Byrd plays bossa nova influenced jazz on a classical guitar, backed by a a bass, piano, and drums. Some sparse horn work appears on some tracks, but never does it eclipse Byrd's excellent guitar playing. While I might not go so far as to use the word "virtuoso" to describe Charlie Byrd, he gets pretty close at times. His performances on this record are always precise and often innovative.
Interestingly, the music on this record manages to be a clear product of the era in which it was recorded, while also sounding fresh and interesting. It is clear that Byrd did not limit his musical intake to artists playing in the same genre as himself. Some of the songs that stand out most on this record have melodies that might be familiar to fans of other other genres of music. One standout track is Byrd's rendition of the Beatles' "Girl" from the album Rubber Soul, which would have been released earlier the same year as Byrdland. Another interesting track is "Work Song." Drawn from the folk tradition, this is in fact an interpretation of a Mississippi cotton field song, which Simon & Garfunkel fans will note shares a melody with their "We've Got a Groovy Thing Goin,'" a song appearing on their Sounds of Silence album the same year that Byrdland was released. Sinatra fans, meanwhile, may be struck by the melody of "Manha de Carnaval," a famous bossa nova tune from the 1950s which is the basis of Frank's "A Day in the Life of a Fool." Sinatra's rendition appeared on his famous My Way album a couple of years after the release of Byrdland. Byrd makes all these songs his own, and while instrumental versions of this era often fall off the edge of the cliff between real jazz and elevator music, Charlie Byrd doesn't even approach it.
Byrdland, then, is clearly a record of it's time, drawing on a range of musical influences that were ascendant in the mid 1960s, yet does so without being derivative. Pick up a copy of this if you can, and have some friends over for martinis. You won't find many better records to listen to while you sip on a cocktail.
Here's Byrd's rendition of "Girl."
Total songs listened: 827
Monday, May 7, 2012
Artist: Charles W. Burpo
Title: A Minister Speaks for God and Country
Label: The Bible Institute of the Air
Welcome to the penultimate "B" LP review. Consistent readers may note that, once again there has been a long time between posts. There are two reasons for this. The first is that I got bedbugs, and dealing with that took up way too much of my time. The second reason though, is that I haven't been too excited about listening to this record, so I kept putting it off.
I actually bought this record. I bought it, though, to use for samples on the ill-fated second full-length by an old punk band I used to be in. Had the band survived (and released an LP), it would have been reviewed three or four records ago on this very blog. The samples would have appeared before or during a song called "Blind Faith" that denounced dogmatic adherence to religion and the ways that it is used to justify an array of harmful policies. But instead, the album was never recorded and I was left with this piece of crap LP.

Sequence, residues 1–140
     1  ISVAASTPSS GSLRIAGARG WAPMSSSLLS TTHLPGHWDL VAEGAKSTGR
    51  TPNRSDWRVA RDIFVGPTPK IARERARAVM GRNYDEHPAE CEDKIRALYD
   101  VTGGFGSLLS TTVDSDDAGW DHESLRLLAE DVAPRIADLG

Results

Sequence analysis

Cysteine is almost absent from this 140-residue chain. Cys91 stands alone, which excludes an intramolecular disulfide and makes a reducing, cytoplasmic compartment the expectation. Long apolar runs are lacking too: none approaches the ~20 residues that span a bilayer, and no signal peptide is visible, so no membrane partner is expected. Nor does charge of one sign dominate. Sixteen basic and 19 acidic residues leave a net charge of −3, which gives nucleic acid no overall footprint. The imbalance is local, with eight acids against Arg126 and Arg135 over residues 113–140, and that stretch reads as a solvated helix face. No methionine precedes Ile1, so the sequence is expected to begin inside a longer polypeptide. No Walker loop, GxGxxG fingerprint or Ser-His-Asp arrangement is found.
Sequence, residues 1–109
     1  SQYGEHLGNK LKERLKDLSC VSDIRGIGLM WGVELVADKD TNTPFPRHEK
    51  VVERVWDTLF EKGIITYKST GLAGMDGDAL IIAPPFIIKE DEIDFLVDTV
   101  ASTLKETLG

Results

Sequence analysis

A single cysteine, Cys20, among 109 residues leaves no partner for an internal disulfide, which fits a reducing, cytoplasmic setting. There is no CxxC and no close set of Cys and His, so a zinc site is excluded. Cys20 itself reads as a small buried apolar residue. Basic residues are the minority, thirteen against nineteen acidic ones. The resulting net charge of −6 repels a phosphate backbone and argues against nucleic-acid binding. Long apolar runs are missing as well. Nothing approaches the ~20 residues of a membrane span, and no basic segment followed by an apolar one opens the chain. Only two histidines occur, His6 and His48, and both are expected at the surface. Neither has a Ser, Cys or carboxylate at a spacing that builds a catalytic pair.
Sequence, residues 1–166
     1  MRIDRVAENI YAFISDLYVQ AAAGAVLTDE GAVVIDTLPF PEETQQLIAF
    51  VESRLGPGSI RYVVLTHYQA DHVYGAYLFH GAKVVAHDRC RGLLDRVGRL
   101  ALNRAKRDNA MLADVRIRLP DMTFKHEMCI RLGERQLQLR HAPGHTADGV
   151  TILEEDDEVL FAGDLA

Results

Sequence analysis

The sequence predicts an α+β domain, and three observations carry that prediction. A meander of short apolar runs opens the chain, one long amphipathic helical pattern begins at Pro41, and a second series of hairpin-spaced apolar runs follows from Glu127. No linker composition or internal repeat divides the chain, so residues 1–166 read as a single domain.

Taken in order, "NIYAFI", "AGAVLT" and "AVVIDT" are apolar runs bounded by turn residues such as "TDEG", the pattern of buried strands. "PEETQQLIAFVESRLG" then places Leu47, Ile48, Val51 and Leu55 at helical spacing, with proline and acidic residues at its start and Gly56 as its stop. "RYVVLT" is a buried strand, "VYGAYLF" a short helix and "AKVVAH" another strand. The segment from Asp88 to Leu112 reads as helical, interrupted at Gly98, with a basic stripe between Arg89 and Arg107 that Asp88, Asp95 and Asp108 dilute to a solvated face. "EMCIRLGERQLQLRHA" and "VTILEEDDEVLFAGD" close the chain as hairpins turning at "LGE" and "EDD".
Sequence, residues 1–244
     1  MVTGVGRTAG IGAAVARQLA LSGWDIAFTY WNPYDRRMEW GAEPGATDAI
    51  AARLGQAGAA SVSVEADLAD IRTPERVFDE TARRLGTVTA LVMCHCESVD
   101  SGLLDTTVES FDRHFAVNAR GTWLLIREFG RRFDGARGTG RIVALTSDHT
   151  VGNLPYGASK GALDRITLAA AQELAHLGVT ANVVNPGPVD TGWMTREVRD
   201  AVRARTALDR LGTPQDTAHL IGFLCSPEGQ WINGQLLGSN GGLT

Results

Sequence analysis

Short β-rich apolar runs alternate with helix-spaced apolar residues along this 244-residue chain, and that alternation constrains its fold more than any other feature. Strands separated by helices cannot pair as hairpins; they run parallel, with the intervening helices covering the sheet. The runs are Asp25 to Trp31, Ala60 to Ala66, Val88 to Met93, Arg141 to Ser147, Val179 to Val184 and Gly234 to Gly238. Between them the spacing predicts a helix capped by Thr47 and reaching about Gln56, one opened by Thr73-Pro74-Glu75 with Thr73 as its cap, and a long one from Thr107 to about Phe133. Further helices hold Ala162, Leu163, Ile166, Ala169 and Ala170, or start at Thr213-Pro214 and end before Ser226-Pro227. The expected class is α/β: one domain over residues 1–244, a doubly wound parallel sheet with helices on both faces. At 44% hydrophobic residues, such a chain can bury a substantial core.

Charles Burpo, who describes himself on the back cover of this record as "fiercely against Modernism, Communism, or any evil that will threaten my Country," was (is?) as the title suggests, a minister, and this record encapsulates a sermon and his reading of the Declaration of Independence, both backed with patriotic music.
I don't have overly much to say about this LP--I'll skip over the Declaration of Independence side of the record, because it really is just him reading it dramatically. The other side, a sermon entitled "The Old Moorings," is a scree that mixes Christian fundamentalism and paranoid far-right ideology as it bemoans the supposed moral collapse of America. There's anarchy in streets, people are mocking Christianity and turning away from the true American values that generations of American veterans fought for, blah blah blah blah blah blah blah. It's much of the same nonsense you'd hear today if you tuned in TBN or any number of AM radio stations around the country. The only thing interesting about it really is the fact that, although this record must be at least 35 years old (hard to say exactly, couldn't find any information about it on the Internet), the words on this record could be spoken today by any number of television or radio ministers and would not sound any more dated than anything else those folks say. The notion that the real America is about to be destroyed by Secularists, Socialists, and Bears (oh my!) hasn't changed much in 60 years.
The sad thing is, if someone listens to this record 35 years from now, they'll probably say the same thing.
Total songs listened: 816